Benjamin Podbilewicz studied Chemistry Bacteriology and Parasitology at the Instituto Politecnico Nacional in Mexico City. He reconstituted membrane recycling in permeabilized kidney epithelial cells as a PhD student at Yale University with Ira Mellman. As a postdoc at the MRC Laboratory of Molecular Biology in Cambridge, he pioneered cell-cell fusion studies in Caenorhabditis elegans with John White, and he discovered that cell fusion is a genetically programmed process. He is the Margaret Mosenfelder Harris Academic Chair in Science at the Faculty of Biology, Technion- Israel Institute of Technology.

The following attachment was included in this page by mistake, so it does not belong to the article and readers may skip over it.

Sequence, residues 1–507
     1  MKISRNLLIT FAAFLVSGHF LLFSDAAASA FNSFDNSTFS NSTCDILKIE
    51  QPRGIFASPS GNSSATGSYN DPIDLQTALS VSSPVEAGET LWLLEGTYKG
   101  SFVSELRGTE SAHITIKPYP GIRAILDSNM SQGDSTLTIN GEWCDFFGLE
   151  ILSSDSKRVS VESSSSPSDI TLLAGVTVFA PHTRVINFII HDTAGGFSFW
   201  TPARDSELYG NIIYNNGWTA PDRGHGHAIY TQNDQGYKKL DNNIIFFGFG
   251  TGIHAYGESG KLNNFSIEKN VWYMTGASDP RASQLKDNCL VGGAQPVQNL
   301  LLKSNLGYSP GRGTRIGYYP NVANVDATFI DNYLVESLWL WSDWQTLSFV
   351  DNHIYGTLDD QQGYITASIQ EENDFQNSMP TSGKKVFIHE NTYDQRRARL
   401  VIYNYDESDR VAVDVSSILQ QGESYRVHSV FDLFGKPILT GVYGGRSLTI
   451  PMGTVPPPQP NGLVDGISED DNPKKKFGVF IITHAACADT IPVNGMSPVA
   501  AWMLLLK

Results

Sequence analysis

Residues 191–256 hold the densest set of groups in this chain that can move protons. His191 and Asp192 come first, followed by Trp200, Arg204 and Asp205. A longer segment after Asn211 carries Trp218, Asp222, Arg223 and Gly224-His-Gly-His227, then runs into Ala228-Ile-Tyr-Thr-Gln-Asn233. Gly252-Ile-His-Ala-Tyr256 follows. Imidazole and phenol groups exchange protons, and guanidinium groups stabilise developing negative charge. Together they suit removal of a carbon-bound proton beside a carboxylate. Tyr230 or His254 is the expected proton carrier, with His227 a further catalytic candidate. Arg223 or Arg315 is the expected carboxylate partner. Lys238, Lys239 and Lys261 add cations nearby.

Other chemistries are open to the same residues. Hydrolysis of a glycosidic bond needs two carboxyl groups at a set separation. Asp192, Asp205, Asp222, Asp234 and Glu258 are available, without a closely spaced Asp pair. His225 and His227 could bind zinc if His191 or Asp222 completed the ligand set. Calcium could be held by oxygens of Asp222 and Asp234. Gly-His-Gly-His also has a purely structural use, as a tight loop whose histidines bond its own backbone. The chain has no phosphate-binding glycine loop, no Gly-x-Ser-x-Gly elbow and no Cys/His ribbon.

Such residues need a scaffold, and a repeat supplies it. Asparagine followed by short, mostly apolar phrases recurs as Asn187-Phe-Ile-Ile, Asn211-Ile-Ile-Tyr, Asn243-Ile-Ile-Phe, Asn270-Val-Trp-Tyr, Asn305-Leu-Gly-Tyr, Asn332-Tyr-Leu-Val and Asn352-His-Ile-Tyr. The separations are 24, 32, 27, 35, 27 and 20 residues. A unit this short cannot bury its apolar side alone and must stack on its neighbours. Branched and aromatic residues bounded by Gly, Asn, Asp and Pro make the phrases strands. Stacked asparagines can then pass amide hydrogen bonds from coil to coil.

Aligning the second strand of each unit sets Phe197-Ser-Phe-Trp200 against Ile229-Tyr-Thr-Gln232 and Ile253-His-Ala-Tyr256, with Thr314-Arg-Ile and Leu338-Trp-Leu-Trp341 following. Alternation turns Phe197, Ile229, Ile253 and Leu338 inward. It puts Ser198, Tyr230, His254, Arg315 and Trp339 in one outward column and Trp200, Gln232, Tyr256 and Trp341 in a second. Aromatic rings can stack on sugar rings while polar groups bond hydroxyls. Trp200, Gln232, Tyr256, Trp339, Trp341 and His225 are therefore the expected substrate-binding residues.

Members of his lab discovered and characterized EFF-1 and AFF-1 as the first eukaryotic cell fusion proteins. His lab is unveiling mechanisms of cell fusion during embryonic morphogenesis and vulva development using molecular genetic, structural, biochemical and biophysical approaches. His lab also found that EFF-1 and AFF-1 participate in sculpting and regenerating dendritic trees in highly branched neurons in C. elegans. He coined the term “menorah” for a repetitive structural unit in polymodal neurons that sense noxious stimuli. His lab is currently studying how dendritic menorahs age and ways to rejuvenate them using fusion proteins. More recently his lab and collaborators have determined that Arabidopsis GCS1(HAP2) is sufficient for fusion and is currently studying the origins and evolution of proteins (fusexins) that drive exoplasmic fusion during sexual fusion, organ formation and viral infections. The Fusexin family may have been responsible for the formation of the first eukaryotes and are present in diverse organisms including protists, plants, animals and also in enveloped viruses. His lab is also studying how the egg and sperm fuse during fertilization in mammals.